The initial strategy represents a framework for Member States, setting out the future vision for global shipping, the levels of ambition to reduce GHG emissions and guiding principles; and includes candidate short-, mid- and long-term further measures with possible timelines and their impacts on States.
Meeting the GHG target means that in the 2030s most newly built ocean-going vessels will run on zero carbon renewable fuels.
The meeting set out a vision to cut GHG emissions from shipping by at least 50 percent by 2050, seemingly a more ambitious target than had been anticipated, although less than the 70 percent pursued by the EU.
The commissioners said: "While the European Union had sought a higher level of ambition, this [strategy] is a good starting point that will allow for further review and improvements over time..."
Continuing the momentum of work on this issue, the Committee agreed to hold the fourth Intersessional meeting of the Working Group on Reduction of GHG emissions from ships later in the year. "For this initial strategy to succeed, it is now crucial that effective reduction measures are swiftly adopted and put in place before 2023".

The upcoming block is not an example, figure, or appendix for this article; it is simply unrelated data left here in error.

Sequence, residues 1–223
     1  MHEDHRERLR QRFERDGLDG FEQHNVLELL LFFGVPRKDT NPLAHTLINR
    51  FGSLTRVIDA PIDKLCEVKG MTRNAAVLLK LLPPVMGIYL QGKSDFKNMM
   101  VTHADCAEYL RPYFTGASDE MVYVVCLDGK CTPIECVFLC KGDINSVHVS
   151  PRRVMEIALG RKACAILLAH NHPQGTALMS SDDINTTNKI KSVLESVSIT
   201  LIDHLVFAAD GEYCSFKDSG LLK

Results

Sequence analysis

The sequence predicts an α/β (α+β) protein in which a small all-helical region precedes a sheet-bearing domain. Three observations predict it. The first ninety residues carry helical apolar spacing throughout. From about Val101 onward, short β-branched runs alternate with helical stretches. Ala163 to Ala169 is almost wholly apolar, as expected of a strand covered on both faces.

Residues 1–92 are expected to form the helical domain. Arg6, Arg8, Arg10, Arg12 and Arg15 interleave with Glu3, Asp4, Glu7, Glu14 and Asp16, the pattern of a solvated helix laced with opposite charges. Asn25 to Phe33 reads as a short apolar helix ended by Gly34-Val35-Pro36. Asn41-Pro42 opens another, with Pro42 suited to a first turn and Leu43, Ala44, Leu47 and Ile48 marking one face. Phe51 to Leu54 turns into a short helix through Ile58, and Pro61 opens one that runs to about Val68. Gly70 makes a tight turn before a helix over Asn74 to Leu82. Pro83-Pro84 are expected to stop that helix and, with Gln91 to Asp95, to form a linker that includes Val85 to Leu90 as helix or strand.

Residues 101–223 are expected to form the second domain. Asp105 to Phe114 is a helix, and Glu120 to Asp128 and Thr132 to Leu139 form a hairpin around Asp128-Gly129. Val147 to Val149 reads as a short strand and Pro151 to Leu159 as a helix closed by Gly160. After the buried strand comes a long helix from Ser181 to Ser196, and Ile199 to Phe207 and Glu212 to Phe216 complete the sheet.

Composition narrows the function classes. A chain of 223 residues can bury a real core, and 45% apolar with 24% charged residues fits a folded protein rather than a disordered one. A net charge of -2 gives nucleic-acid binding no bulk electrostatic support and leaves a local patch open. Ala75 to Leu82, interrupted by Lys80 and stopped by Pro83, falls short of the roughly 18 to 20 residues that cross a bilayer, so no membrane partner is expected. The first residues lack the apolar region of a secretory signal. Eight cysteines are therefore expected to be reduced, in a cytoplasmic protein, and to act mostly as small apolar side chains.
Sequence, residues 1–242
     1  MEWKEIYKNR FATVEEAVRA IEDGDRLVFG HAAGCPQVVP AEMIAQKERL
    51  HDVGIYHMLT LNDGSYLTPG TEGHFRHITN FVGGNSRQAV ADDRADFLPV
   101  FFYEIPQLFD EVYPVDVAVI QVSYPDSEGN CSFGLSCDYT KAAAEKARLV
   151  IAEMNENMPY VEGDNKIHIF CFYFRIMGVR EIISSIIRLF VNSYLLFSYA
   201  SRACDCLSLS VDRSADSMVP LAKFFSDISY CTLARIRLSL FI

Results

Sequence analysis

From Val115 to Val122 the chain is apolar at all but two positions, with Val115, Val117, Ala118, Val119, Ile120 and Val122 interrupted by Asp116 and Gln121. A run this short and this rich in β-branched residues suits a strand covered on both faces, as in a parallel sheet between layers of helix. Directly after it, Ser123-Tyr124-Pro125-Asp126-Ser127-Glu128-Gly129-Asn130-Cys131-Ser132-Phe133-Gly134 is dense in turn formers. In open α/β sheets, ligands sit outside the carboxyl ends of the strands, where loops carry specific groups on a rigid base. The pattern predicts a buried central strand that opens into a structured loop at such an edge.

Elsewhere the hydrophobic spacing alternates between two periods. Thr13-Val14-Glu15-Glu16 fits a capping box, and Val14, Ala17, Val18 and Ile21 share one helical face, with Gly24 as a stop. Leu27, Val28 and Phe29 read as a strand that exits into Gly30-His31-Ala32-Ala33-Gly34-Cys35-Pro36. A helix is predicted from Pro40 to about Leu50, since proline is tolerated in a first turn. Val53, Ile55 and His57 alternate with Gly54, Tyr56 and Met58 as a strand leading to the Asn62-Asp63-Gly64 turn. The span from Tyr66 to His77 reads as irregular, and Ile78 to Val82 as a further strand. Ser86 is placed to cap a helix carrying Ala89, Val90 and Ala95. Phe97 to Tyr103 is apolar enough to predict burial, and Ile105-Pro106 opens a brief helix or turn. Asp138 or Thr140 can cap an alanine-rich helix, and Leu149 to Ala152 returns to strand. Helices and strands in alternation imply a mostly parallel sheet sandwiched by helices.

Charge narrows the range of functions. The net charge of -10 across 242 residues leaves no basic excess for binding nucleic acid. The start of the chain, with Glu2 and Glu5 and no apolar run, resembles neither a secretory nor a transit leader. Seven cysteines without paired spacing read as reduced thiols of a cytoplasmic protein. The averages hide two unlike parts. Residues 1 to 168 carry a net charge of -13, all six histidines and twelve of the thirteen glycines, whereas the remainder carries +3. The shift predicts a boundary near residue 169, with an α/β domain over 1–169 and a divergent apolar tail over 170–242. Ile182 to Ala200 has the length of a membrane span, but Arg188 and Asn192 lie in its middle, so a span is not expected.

"The IMO's commitment to reduce greenhouse gas emissions by 50 to 100 per cent in 2050 is major progress", Tristan Smith, Reader in Energy and Shipping with the UCL Energy Institute, said in a statement, reported news agency IANS. This strategy, which represents the first global climate framework for shipping, includes quantitative GHG reduction targets through 2050 and a list of candidate short-, mid-, and long-term policy measures to help achieve these targets. "It makes clear that the shipping industry and fuel supplier need to scale up investments in new technologies and their rapid deployment, including alternative fuels and propulsion systems", said Mark Lutes, senior global climate policy advisor, WWF.
Reaching agreement wasn't an entirely straightforward matter, it didn't appear, with seeming disparities between countries' public commitments to the Paris goals and what they were actually willing to agree in the way of reducing emissions, according to the Financial Times. But the IMO Secretary General stressed that the agreement was only an initial strategy, a "starting point", with the final roadmap to be finalised by 2023.